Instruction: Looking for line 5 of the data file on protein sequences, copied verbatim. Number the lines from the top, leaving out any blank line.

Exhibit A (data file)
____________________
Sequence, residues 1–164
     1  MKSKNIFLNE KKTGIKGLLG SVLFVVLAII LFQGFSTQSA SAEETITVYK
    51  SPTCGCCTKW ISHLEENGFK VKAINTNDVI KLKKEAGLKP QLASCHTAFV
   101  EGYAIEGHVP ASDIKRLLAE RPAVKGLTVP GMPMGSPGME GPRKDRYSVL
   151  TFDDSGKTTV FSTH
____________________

   151  TFDDSGKTTV FSTH